•  Clouds memory
  • Atmospheric chemistry memory
 In the classroom activities section, you will find:
  • Paleoclimates and Pollen where students can study pollen.
  • Model a moving glacier where students make a model of a glacier and create an experiment to study movement.
  • Glaciers then and now where students study pictures of glaciers taken in the 1900’s and compare them to pictures of the glaciers today.
  • The systems game where students observe a system.
  • Looking into surface Albedo where students inquire into how color affects the way that the sun interacts with Earth’s surface.
  • Feeling the heat where students investigate which parts of their school yard have a higher temperature.
  • CO2 How much do you spew where students analyze energy consumption.
  • The nitrogen cycle game where students play the role of nitrogen atoms traveling through the nitrogen cycle.
  • The water cycle 0-18 and ice cores where students look at proxy data to determine past climate.
In addition to the fantastic activities on the site, students can learn more about the sun and space weather, weather, atmosphere and climate on the NCAR website.

How to integrate the National Center for Atmospheric Research into the classroom: If you are studying weather, climate or atmospheric research with your students this is a must stop site.  It is FULL of great activities, virtual labs and easy-to read and understand information.  Really, take a few minutes to dig in.  Today, when we visited we got to explore some of these virtual labs and games first hand.  Our students watched a short video introducing them to NCAR and what scientists do there.  Next we entered into a classroom where the fun began!

Today we learned about the North and South Poles.  The fine people at NCAR had made globe paddles that had the north pole on one side and the south pole on the other (glued to giant tongue depressors).  They gave the students different facts about the north and south pole and students had to hold up their paddles with the correct answers.  Next, students learned about how polar bears were equipped for the COLD temperatures.  There were tubs of ice water on the table.  Students were asked to place their hands inside the ice water.  We timed how long they lasted in the cold water.  Next, students put their hands in a “blubber” paw and tried the experiment again.  The hand inside the layer of blubber could stay in the cold for a long time with no discomfort.  These blubber paws were actually made with 2 ziplock baggies with Crisco in between the layers and duct-tape at the top of the baggies so that they were sealed together around openings where the two baggies came together.  This left a Crisco pocket that formed the paw.  Students also learned about penguins and how they find their mate in hundreds and hundreds of penguins.  Penguins have particular sounds that help alert their mate.  The penguins can distinguish between the particular sounds that each penguin makes to find their mate.  Students simulated this by each taking a film canister with an object/objects in it.  The students had to shake their canister and find their match using the sound alone.  They had a ball with this!  They also practiced transferring a styrofoam egg from one pair of feet to another without using their hands the way that the penguin does.  Our students also did the glacier matching project (listed above) where they worked in teams to match the original pictures to the new pictures.  Some of these were really challenging as the second picture had NO glacier to be seen!  The kids learned that every glacier in the world is shrinking with the exception of two glaciers in Norway.  Fascinating!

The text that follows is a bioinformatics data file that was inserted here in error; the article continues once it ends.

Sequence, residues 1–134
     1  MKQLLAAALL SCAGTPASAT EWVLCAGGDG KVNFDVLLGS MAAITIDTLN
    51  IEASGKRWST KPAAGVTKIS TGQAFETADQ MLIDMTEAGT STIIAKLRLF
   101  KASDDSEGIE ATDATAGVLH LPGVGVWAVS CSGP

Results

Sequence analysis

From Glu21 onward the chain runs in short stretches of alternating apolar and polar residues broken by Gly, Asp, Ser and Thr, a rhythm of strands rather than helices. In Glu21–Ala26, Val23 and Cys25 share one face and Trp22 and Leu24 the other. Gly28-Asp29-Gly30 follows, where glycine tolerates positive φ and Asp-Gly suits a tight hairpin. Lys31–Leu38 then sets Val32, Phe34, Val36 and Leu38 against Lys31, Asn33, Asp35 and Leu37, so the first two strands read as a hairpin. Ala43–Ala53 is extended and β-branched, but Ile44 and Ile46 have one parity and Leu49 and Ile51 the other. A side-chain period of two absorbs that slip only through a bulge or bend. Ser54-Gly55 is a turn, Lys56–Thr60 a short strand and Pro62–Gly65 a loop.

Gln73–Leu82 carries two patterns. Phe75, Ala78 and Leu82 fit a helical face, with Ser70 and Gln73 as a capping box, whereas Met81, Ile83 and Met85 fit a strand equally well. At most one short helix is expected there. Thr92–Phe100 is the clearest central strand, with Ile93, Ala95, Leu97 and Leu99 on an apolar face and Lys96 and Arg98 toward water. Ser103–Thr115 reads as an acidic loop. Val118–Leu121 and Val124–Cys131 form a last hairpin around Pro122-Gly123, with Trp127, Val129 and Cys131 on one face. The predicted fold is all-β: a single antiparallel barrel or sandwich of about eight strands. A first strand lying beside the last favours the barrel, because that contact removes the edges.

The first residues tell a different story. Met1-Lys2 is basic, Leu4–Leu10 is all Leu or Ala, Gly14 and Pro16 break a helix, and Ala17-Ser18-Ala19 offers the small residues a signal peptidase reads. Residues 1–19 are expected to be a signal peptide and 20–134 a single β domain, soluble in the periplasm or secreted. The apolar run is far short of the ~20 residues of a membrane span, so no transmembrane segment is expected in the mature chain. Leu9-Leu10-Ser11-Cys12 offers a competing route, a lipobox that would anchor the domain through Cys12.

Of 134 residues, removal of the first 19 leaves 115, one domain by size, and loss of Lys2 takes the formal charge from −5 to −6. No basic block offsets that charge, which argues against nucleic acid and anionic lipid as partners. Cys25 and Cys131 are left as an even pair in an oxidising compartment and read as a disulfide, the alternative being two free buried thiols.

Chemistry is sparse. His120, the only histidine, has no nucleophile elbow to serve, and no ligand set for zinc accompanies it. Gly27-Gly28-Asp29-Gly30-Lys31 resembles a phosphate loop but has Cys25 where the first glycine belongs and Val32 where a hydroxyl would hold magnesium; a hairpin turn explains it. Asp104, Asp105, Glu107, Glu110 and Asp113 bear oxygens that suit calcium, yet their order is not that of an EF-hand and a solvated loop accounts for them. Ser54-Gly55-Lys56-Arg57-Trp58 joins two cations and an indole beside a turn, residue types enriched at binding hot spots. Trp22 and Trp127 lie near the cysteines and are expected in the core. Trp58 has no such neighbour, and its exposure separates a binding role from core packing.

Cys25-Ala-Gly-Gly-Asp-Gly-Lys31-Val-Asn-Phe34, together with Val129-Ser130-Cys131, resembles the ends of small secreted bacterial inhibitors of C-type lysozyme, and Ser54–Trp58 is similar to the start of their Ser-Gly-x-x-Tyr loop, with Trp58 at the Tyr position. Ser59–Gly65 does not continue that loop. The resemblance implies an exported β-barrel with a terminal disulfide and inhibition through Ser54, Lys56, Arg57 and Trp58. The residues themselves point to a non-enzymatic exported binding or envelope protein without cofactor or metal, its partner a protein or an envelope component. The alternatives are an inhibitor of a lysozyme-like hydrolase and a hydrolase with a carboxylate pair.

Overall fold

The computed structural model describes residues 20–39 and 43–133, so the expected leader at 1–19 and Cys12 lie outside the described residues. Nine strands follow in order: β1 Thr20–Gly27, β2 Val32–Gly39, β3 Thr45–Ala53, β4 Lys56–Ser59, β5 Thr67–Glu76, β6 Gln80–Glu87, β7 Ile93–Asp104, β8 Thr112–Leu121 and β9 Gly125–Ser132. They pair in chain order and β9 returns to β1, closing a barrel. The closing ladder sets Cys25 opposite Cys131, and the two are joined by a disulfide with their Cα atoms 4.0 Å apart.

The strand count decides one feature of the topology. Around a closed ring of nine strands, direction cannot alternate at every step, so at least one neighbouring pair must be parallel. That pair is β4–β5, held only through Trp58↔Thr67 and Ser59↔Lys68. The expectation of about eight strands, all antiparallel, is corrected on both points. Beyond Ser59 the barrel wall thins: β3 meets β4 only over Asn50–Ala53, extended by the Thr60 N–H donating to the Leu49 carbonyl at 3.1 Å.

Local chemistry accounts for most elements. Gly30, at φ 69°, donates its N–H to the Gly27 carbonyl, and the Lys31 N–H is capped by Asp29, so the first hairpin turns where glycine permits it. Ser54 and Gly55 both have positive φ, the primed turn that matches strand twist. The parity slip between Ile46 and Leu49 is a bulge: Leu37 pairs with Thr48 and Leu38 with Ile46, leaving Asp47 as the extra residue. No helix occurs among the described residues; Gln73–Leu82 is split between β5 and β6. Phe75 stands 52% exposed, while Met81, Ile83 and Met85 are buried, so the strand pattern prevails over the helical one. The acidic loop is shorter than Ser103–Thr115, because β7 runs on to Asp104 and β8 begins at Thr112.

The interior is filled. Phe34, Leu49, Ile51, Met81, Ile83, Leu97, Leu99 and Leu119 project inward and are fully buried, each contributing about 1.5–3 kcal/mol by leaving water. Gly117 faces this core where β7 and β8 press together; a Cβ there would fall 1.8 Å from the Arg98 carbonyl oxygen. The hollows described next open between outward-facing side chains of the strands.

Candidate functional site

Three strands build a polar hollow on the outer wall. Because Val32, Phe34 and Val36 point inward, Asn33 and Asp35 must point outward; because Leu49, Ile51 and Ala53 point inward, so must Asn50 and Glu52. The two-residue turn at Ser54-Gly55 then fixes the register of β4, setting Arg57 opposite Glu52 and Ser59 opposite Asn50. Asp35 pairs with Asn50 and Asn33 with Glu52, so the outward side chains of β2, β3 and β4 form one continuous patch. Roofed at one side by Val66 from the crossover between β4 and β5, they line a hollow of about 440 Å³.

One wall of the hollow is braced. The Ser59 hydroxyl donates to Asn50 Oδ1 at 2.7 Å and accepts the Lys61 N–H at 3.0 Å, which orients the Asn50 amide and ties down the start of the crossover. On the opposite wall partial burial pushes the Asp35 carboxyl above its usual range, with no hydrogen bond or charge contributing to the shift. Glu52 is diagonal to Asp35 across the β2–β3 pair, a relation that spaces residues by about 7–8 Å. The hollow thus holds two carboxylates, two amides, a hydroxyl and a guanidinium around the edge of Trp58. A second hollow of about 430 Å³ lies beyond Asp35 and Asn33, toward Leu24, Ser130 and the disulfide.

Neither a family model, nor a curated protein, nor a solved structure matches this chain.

Our classroom today…can’t beat the view!

 

Touching clouds!

 

Our students got to follow the activities above with an exploration of weather, climate, and atmosphere science exhibits.  You could easily recreate the activities above and follow up with virtual simulations, videos and games.  These could be set up as centers for students to explore (the virtual centers on classroom computers).  There is SO much here that exploration of all that the NCAR site has to offer could take days.  The simulations and games would also be appropriate on an interactive whiteboard or projector-connected computer where students can explore and interact as a whole class.  Allow students to take turns playing scientist.

Tips: While we were at NCAR, our guide, Tim, told us that NCAR was originally established in the 1960s to learn how to control the weather.  This brought up a great discussion about what could happen if humans could control the weather, and what unintended consequences might come along with that.  This would make for a great creative writing exercise or comic strip.  Our students came up with some insightful thoughts on this topic!

Leave a comment and tell us how you are using  NCAR in your classroom.